“May have been the losing side. Still not convinced it was the wrong one.”

"This report is maybe 12-years-old. Parliament buried it, and it stayed buried till River dug it up. This is what they feared she knew. And they were right to fear because there's a whole universe of folk who are gonna know it, too. They're gonna see it. Somebody has to speak for these people. You all got on this boat for different reasons, but you all come to the same place. So now I'm asking more of you than I have before. Maybe all. Sure as I know anything I know this, they will try again. Maybe on another world, maybe on this very ground swept clean. A year from now, 10, they'll swing back to the belief that they can make people . . . better. And I do not hold to that. So no more running. I aim to misbehave." ~ Captain Malcom Reynolds

Monday, May 30, 2016


A tough post to write, and it will be going through several drafts, just so you, as the end-reader, know...

As some of you know, I had a bit of surgery late last year. All went well, but as a result, I'm not able to return to my duties as a bomb guy, or as a cop. Which, means an unplanned and unforeseen early medical retirement.

Before we go further, this isn't a "woe is me" whiny post. Just a few thoughts connected with it all.

Because, if you walk the path I've chosen, it happens sooner or later. I've seen and talked with enough similar guys from the military and law enforcement over the years to know that. Sure, you think "That won't be me." But, one day it is.

Whether it's age, or health, or just the time to move on.

You're not the one to go through the door first anymore. You aren't even in the stack. You've gone from being in the top 1% of your community to "someone who used to work here", all in the space of a few hours.

You go from "What new thing do I need to make my gear easier for the job?" to "What can I get rid of out of these years of crap?"

Instead of carrying the phone everywhere, waiting for that next call-out, you're looking at your inbox and wishing someone would just say hi.

You'll see the news story and smile a bit guessing at the backstory. Or resist the urge to rant on something online, because you know better but figure it's not worth the energy.

The hardest part? You're no longer in "the club." Sure, folks will still talk with you. Grab lunch. Share a joke. But, you're not the same anymore. You don't get to go into those closed rooms and prep for the next mission. You don't get the rush of a "holy crap this is real" callout where what you're doing affects who goes home alive. You aren't "one of the guys" anymore so much as "you remember when?" And, it can be tough. I'm still processing a lot of it, so I can't even fully write that part yet.

Again, I'm not whining. I've had a hell of a run over the past few decades. I've visited places, good and bad, that I never imagined growing up. I've met people I trust with my life. I've learned who I am in ways I never would have otherwise. I've challenged myself, failed, succeeded, and grown from both. Most importantly, I feel I've made a difference - I can honestly say there are people alive today because of choices I made, and that is a great gift to have.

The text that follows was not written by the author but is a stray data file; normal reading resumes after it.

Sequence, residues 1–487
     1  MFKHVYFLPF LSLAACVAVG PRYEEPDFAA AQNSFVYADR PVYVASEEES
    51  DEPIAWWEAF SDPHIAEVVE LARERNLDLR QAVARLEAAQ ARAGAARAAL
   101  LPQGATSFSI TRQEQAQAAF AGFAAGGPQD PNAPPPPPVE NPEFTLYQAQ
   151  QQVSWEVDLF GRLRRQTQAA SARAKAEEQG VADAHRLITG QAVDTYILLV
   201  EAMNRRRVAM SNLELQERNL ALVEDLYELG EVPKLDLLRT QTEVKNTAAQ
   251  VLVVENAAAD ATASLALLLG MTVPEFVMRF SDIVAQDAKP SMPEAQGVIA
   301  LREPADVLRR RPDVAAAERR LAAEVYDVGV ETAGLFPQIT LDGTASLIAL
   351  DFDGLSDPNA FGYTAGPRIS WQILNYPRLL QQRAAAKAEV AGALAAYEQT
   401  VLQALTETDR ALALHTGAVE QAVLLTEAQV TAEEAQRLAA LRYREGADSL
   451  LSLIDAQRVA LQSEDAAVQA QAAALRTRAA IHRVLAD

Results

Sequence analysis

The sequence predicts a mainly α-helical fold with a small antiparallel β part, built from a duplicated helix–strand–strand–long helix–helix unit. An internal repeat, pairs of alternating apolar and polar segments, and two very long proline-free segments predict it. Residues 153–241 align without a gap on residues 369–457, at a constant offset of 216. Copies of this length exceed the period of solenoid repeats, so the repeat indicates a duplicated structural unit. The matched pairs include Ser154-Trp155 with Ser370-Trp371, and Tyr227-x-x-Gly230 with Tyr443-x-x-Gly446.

I suppose it would have been "easier" had this been in the plans - the normal "In "xx" months I'm retiring," do a transition and so on. Unfortunately, that's not how things worked out. Also, unfortunately, I didn't even get the transition really - it went from a "You're coming back to work on this day," to "Sorry, you'll just have to use sick time til the paperwork goes through," in the space of an email. Which led to far too much time to think.

The good parts? I've had a few months to just be. I honestly don't know when that happened last, and it has helped me put some stuff in perspective. I've gotten more time at home, without those extra duties or call-outs, and have been more a part of my kid's days than ever before. And, I've gotten to reflect - on the issues, both internal and external to the job, which let me know it's not a bad change.

So - I'm officially "retired" from being a cop. Looking for work (some possibilities on the horizon, but that's a different stress) and for the first time in almost 3 decades not really sure where things are going. I'm not in a financial position to just sit at home, nor will my character and drive allow me to.

I'm not hanging up my hat here, despite the infrequent writing. In fact, perhaps this will let me write more, since I'm not "obligated" to be silent on some of the things as much.

It's just time to find the next challenge and figure out where I can thrive.

If the past is any indication, it will be an interesting trip...


JR said...

Best wishes to you, Cap'n. I've been a reader for some time now, and I hope that you find happiness in the next part of your journey.

Daddy Hawk said...

Captain, I know sermons make you sleepy, but I have faith you will land on your feet.

Czech6 said...

Like JR, I have been reading your posts for some time. Although this transition has been more abrupt than expected, this day has always been a part of this calling. Whether Law Enforcement or Military, the Game was in progress before you joined and will continue long after we all leave. As long as you gave your best (and I feel that you have), hold your head high, hug your family, and look for the next adventure. I look forward to reading whatever you are willing to share. All the best.

Old NFO said...

Thankfully you are getting out alive... THAT is a win, in and of itself... Re the future, it's wide open for you. Now it's time to take that next step, whatever it may be. Best wishes going forward!